Leaving those details out of it, or more importantly *being able* to leave those details out of it is just another case of Haskell’s type system leading to elegant and generalized code.

## Example Time

So why do we care? Well, besides using `Maybe`

as an illustration for hard-to-grasp concepts like `Functor`

s and `Monad`

s, knowing when to use those instances of `Maybe`

can really cut down on code clutter and lead to elegant solutions when you’ve got a lot of `Maybe`

-heavy code.

Let’s say you’ve got a user model in your webapp with an optional email field. This field is a custom type `Email`

but you’ve got a function for translating it to `Text`

. You’ve also got another general function for displaying `Text`

values on the page as `Html`

.

Because you were thinking ahead and you knew there’d be a lot of `Maybe Text`

values in use throughout your site, you’ve coded your `display`

function to accept maybe values and show an empty string in these cases.

```
userEmail :: User -> Maybe Email
userEmail = undefined
emailToText :: Email -> Text
emailToText = undefined
display :: Maybe Text -> Html
display = undefined
```

In the described ecosystem your going to have a lot of core `Maybe`

values and a lot of value-manipulation functions not in `Maybe`

. To put this in category terms, you’ve got a lot of morphisms in the non-maybe category and a lot of objects in the maybe category. You’re going to want to `fmap`

that.

Here’s how the code looks without leveraging the fact that `Maybe`

is a `Functor`

:

```
displayUserEmail :: User -> Html
displayUserEmail u = let me = userEmail u
in display $ case me of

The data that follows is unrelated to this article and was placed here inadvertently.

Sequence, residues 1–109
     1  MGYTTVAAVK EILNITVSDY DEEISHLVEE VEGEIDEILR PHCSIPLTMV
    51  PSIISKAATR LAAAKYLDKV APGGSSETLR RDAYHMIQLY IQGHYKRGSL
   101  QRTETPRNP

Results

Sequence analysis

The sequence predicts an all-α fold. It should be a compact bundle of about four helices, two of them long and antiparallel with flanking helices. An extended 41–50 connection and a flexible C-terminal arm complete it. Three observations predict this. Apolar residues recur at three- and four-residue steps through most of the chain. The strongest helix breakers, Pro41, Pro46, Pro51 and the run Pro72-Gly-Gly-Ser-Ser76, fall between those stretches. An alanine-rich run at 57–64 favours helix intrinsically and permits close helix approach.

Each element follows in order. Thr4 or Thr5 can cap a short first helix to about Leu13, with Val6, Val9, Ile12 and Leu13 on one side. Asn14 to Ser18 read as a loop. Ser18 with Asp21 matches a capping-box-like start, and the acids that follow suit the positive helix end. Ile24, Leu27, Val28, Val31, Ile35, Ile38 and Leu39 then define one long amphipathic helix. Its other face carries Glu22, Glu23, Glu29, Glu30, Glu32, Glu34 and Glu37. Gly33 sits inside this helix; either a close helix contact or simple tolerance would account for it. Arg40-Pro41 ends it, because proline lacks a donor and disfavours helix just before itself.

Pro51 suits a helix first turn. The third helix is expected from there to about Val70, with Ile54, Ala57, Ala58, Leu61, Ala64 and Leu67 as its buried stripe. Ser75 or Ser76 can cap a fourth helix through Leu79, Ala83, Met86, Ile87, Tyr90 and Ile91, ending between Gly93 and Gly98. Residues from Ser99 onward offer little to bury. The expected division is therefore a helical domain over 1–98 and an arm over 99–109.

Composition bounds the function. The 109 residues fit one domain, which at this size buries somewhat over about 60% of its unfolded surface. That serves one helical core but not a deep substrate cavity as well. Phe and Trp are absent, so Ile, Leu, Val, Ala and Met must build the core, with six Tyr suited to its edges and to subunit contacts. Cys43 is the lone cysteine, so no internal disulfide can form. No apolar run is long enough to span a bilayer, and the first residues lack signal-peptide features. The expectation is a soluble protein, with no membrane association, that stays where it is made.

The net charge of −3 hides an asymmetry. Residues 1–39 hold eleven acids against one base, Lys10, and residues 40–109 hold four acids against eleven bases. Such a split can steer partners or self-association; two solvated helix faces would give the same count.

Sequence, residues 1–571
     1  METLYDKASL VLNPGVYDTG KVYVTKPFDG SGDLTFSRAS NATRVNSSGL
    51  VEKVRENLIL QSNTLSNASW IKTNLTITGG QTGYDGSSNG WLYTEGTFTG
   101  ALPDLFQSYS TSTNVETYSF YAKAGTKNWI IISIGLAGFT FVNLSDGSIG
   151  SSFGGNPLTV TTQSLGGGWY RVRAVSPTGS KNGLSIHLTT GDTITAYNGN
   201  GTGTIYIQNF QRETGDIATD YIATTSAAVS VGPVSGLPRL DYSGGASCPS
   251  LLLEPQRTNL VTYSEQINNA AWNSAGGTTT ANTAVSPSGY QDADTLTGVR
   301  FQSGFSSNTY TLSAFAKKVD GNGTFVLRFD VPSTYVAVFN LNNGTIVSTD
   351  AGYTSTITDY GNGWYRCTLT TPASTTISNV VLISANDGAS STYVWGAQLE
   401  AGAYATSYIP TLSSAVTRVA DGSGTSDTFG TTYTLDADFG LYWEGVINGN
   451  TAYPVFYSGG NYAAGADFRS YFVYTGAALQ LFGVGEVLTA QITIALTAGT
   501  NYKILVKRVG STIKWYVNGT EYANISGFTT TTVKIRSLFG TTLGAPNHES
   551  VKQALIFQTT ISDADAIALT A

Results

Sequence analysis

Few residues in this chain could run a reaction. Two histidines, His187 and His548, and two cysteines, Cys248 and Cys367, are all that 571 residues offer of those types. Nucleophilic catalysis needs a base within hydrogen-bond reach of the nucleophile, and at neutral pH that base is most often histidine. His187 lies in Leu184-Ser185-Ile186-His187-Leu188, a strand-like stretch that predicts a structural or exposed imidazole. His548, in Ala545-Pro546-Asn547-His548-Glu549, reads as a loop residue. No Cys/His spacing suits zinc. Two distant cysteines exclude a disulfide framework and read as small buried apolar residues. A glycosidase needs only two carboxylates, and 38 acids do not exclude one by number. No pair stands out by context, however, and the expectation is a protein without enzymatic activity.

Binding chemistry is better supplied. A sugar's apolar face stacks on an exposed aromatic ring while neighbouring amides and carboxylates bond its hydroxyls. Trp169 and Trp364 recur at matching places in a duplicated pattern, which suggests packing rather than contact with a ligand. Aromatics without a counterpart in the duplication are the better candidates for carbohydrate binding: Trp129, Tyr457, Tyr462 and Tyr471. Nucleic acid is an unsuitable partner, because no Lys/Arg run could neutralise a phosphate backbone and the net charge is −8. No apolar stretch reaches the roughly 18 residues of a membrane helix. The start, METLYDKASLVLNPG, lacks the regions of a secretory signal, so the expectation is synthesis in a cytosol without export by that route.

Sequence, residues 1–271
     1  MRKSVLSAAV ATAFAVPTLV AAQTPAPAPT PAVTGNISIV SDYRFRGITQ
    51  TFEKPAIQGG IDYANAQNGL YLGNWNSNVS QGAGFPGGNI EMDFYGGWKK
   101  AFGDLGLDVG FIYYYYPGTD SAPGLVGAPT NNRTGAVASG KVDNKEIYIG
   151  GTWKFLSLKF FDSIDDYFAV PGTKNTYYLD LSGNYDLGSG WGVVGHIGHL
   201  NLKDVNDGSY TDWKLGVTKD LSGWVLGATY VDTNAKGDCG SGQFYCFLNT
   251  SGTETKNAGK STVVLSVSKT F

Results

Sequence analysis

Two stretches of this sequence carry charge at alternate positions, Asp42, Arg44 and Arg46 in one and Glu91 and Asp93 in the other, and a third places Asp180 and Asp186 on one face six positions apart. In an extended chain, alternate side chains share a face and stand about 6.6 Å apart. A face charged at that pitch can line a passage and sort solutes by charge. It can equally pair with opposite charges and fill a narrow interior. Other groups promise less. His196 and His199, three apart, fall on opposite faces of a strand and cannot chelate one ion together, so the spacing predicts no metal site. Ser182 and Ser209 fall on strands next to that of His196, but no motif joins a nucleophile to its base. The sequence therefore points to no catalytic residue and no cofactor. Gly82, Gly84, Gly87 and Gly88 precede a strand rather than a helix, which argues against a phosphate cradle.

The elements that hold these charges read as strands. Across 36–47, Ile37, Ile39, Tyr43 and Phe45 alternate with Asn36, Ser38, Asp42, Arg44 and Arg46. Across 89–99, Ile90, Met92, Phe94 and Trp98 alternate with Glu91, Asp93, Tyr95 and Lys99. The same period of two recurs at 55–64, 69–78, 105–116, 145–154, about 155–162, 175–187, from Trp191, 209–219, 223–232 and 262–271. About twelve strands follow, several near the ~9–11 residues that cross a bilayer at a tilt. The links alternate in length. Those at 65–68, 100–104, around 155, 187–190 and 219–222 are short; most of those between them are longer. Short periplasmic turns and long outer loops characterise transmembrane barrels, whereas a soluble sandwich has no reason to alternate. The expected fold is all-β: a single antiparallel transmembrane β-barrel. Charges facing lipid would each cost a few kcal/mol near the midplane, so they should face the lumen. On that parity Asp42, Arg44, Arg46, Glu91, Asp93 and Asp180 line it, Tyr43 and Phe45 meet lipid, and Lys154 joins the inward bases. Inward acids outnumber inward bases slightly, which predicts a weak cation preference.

Just e -> Just (emailToText e))
Nothing -> Nothing
```

Not terrible, but notice how `fmap`

shrinks it right up:

```
displayUserEmail :: User -> Html
displayUserEmail = display . fmap emailToText . userEmail
```

Not only does it make the code clearer and cleaner, but it serves a common purpose: you’re going to have a lot of value-manipulating functions that should operate on basic values and not care about any wrapping. Just because you’ve got a lot of these values wrapped up in `Maybe`

, that shouldn’t stop you from using these *morphisms from the other category* in this one. The nature of that `Maybe`

wrapper allows `fmap`

to easily handle the translation for you.

Sure, you could write a small function that takes functions that operate on normal values and allows them to be used on maybe values (and I think I did just that at one point) – but this concept of a `Functor`

abstracts all that down to a simple generic `fmap`

that can be used with a zillion different compound “wrapper” types.

Guess what? `IO`

is a `Functor`

too.

```
-- something like this:
prettyNow :: IO String
prettyNow = do